Is The Cost Of Working After Retirement Really Worth It?

Is there an earnings limit on my pension if I retire under FERS? I’ve been told that if I plan to retire after thirty years, and at my retirement age of fifty-five, and I keep earning money so as not to dip into my TSP early, this may not be a viable option. Is the earnings limit really under $16,000/year? If I go over that, must I repay $1 for every $2 I’ve gone over the limit?

This is not entirely accurate, but very close. When figuring out how you want to plan your retirement, you may want to clarify for your future’s sake. Let’s take a look:

Per the Office of Personnel Management (OPM) “Information for FERS Annuitants” booklet (Section 8, Employment in the Private Sector) your FERS pension will not be affected by your outside employment…

  • Your FERS pension will not be reduced because of additional earnings after retirement. It is the “ “bridge payment” via Special Retirement Supplement (SRS) that could see the effects.

SRS or Special Retirement Supplement

  • A FERS Employee who is receiving SRS benefits will find that those benefits are payable from the date of retirement until age sixty-two. It will be similar in amount to the Social Security benefits earned while employed as a FERS employee.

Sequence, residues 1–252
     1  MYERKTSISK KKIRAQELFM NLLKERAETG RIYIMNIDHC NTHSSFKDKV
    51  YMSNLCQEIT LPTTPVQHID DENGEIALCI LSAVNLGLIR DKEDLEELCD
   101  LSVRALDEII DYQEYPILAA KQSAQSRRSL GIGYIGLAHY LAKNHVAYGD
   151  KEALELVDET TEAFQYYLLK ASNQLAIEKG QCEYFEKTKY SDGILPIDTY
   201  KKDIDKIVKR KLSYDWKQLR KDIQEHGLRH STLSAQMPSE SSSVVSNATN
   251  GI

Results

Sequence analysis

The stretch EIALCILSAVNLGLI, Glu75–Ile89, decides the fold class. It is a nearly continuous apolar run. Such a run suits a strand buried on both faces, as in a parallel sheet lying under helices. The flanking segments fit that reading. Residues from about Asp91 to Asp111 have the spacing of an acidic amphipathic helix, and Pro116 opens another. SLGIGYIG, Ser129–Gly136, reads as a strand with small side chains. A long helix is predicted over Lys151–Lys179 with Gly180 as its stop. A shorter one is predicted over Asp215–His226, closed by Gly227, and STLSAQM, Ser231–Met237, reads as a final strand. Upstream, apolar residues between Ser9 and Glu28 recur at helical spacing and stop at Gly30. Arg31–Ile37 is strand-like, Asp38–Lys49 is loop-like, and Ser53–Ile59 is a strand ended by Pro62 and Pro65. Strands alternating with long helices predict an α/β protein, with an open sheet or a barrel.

The SRS approximates Social Security benefits; therefore it will be subject to some of the same rules. Until you reach full retirement age, the Social Security Administration (SSA) caps the income. Depending on when you were born, that range is about sixty-five to sixty-seven years of age. In this case, the Social Security benefit is treated the same as the SRS, so it can be either eliminated or reduced if your earnings limit is exceeded.

The earnings limit before impacting either SSA or SRS payments is The limit for earnings before impacting either SSA or SRS payments is $17,040 as of 2018. The $2 to $1 scenario you brought up is correct. If the $17,040 limit is reached, the SRS benefit is shaved by $1 for every $2 earned (over $17,040) in 2018.

For Instance

In retirement, a FERS employee is receiving $1,000/mo from the SRS benefit. They choose to accept a job not within the federal government, earning $25,040/yearly. Because the amount exceeds the limit, they will be subject to an SRS benefit decrease of $4,000 for the year or $333/mo. ($25,040 – $17,040 = $8,000. $8,000 ÷2 = $4,000. $4,000 ÷12 = $333).

Which means that the original SRS payments of $1,000/mo will be fined in such a way that the real benefit would be approximately $667/mo ($1,000 – 333 = $667).


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